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FCC Employees Targeted in Sophisticated Phishing Attacks

Advanced phishing kit employs novel tactics in attack targeting cryptocurrency platforms and FCC employees.

Federal Communications Commission (FCC) employees and cryptocurrency platforms have been targeted in mobile device phishing attacks employing a novel and advanced kit, cybersecurity firm Lookout warns.

Using the new kit, attackers create carbon copies of single sign-on (SSO) pages that trick victims into sharing their login credentials using a combination of email, SMS and vishing (voice phishing).

The same tactics have been used to obtain password reset URLs and photo IDs, with hundreds of individuals, mostly in the United States, already victimized.

FCC employees, Lookout reveals, were lured to a phishing page on fcc-okta[.]com, which mimics the legitimate FCC SSO page, where they were asked to complete a captcha using hCaptcha, creating the illusion of legitimacy.

Next, the victim was prompted to provide their username and password, and then asked to either wait, sign in, or provide a multi-factor authentication (MFA) token, based on a series of options the phishing page’s administrators could use in real time.

According to Lookout, an administrator monitoring the page could view the provided credentials in a table and was likely attempting to validate them by logging in on the legitimate page.

If additional information was needed, the administrator could then customize the phishing page accordingly, to obtain MFA codes or SMS-based tokens, the last digits of the victim’s phone number, and other details.

After attempting to sign in, the operator could then redirect the victim to any page, including the real sign in portal, or a custom page to keep the victim waiting, such as one telling “the victim that their account is under review and to try to log in later at a time specified by the operator,” Lookout explains.

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Based on the identified references to cryptocurrency platforms and SSO services, the cybersecurity firm believes that the phishing kit can impersonate numerous brands, including pages targeting the employees and users of Binance and Coinbase.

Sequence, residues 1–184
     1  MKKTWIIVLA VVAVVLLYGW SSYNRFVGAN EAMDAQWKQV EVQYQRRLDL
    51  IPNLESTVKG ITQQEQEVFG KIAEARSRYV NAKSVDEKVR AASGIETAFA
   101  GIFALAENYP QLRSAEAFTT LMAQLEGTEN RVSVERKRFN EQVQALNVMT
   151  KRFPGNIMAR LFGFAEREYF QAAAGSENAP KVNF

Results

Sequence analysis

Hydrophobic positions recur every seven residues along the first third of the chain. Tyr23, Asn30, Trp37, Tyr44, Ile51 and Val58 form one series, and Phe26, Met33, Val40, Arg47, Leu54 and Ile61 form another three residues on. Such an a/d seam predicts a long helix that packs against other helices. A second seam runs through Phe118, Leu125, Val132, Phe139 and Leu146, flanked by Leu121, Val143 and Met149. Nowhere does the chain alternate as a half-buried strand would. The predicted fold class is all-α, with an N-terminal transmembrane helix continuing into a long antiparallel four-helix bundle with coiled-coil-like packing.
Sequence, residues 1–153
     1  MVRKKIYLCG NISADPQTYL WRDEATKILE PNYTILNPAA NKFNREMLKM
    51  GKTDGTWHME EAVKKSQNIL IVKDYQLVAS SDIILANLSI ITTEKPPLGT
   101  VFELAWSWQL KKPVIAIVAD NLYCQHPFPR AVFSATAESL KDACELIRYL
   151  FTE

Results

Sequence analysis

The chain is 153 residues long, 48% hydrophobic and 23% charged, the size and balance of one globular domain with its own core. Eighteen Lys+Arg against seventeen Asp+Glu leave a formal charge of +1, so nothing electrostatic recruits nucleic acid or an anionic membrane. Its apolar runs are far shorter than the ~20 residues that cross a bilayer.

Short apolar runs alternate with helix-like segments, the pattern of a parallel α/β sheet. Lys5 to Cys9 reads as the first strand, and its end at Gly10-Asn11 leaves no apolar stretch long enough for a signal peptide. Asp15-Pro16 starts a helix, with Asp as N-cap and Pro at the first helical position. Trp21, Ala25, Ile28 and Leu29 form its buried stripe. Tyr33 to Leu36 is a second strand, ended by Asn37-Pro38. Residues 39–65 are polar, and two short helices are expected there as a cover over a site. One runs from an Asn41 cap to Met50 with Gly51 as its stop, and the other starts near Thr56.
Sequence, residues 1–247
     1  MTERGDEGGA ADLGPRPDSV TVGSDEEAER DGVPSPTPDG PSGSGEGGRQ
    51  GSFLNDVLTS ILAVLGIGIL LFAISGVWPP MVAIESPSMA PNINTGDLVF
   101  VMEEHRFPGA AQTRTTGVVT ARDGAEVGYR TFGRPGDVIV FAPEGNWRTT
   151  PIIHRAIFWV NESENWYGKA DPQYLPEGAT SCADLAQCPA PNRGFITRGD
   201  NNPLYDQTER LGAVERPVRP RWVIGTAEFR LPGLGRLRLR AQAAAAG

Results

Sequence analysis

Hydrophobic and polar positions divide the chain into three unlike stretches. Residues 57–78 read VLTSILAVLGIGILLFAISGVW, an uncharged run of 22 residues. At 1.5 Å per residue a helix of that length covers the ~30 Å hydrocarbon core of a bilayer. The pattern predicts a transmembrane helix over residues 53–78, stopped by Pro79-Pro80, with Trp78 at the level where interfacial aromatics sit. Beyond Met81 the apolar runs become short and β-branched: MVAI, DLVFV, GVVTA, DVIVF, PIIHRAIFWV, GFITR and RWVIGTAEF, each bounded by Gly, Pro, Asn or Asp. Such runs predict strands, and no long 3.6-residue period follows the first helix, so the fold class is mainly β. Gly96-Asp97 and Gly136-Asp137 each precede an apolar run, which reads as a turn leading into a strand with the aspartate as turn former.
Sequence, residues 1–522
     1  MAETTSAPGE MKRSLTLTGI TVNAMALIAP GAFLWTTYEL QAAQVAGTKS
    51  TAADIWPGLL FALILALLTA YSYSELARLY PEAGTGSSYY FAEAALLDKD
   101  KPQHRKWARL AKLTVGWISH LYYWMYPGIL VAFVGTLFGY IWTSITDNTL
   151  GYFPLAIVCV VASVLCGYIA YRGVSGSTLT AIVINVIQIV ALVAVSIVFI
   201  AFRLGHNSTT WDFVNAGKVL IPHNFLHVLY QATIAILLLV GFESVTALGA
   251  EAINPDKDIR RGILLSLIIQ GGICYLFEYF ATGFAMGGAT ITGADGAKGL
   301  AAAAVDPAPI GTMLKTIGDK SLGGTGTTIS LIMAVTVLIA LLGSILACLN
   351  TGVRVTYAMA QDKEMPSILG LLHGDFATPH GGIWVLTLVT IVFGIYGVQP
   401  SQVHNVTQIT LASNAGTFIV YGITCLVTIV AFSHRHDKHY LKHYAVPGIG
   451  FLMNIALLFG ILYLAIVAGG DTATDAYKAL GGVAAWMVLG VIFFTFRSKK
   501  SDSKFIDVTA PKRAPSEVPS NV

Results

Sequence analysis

“A high percentage of the credentials collected by these sites look like legitimate email addresses, passwords, OTP tokens, password reset URLs, photos of driver’s licenses and more. The sites seem to have successfully phished more than 100 victims, based on the logs observed,” Lookout notes.

While the FCC SSO page was taken down, most of the identified phishing sites continue to operate. Some of them have been active since November 2023, hosted by various providers, including Hostwinds, Hostinger, and RetnNet.

The attacks show similarities with the operations of a threat actor known as Scattered Spider, but Lookout believes that this phishing campaign is operated by a different, likely copycat group, based on differences in infrastructure and capabilities.

Related: Russian APT Known for Phishing Attacks Is Also Developing Malware, Google Warns

Related: US Government Releases Anti-Phishing Guidance

Related: US Executives Targeted in Phishing Attacks Exploiting Flaw in Indeed Job Platform

Written By

Ionut Arghire is an international correspondent for SecurityWeek.

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